Gretel walks through the woods. She plays in the ferns, she eats some blueberries, and has the pocket of her apron stuffed with conkers. The sunlight touches the deepgreen moss but Gretel isn't happy.
She shouldn't have gone into the woods, she should 've freed Hansel. I mean, after all isn't the key of the cage somewhere beneath the conkers.
But someone else might do it, she thinks. She goes along singing a bit louder, wondering when a knight in shining armour would pull up and ask: "you look happy, do I need to rescue someone for you my lovely?"
Of course no one shows. Because knights and witches are not very common in real life. They tend to live their lives in our imagination more then anywhere else.
So it might not have been the smartest thing to lock Hansel in a cage just so the witch couldn't do it. It seemed smart then somehow when Hans thought it all out. It is better if you play in the woods and I stay here then that we both get cought, he said.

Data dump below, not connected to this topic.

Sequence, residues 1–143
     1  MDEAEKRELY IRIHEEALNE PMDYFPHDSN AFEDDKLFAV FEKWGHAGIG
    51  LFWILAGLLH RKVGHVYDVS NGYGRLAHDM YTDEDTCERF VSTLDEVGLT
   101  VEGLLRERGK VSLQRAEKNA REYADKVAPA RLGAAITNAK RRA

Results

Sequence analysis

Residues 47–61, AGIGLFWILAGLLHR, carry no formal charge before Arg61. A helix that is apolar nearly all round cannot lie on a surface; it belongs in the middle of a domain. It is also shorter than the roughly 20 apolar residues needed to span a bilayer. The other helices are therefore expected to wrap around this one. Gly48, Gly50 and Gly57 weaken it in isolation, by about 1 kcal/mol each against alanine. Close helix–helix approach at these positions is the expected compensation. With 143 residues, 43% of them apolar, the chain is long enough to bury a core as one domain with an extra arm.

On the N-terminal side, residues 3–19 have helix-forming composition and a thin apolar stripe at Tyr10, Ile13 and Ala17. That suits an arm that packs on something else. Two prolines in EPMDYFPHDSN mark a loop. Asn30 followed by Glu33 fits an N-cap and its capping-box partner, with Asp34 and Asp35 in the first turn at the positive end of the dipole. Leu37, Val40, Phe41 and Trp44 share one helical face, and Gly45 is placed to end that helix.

But without Hansel Gretel was just not Gretel. She was Gretel thinking about Hansel. She never thought about Hansel when they runned trough the woods together. so whe spread the conkers beneath a beechtree and slowly wnet back to the cute little house that had a cage in the backyard.
Gretel was afraid, but she went anyway.
*You might need to know that my therapist is big on fairytales.I went to see her this morning, it was good and I was ordered to play Hans and gretel for a while. She actually orderd crafting aswel.